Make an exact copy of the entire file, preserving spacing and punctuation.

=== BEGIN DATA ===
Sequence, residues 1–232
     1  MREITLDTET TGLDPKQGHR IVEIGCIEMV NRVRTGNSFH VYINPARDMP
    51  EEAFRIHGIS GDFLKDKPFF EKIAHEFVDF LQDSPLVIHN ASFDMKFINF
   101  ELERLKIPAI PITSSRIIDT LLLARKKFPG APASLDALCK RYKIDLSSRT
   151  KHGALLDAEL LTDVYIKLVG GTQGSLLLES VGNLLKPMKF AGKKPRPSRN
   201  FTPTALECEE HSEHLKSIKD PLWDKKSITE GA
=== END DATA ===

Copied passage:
Sequence, residues 1–232
     1  MREITLDTET TGLDPKQGHR IVEIGCIEMV NRVRTGNSFH VYINPARDMP
    51  EEAFRIHGIS GDFLKDKPFF EKIAHEFVDF LQDSPLVIHN ASFDMKFINF
   101  ELERLKIPAI PITSSRIIDT LLLARKKFPG APASLDALCK RYKIDLSSRT
   151  KHGALLDAEL LTDVYIKLVG GTQGSLLLES VGNLLKPMKF AGKKPRPSRN
   201  FTPTALECEE HSEHLKSIKD PLWDKKSITE GA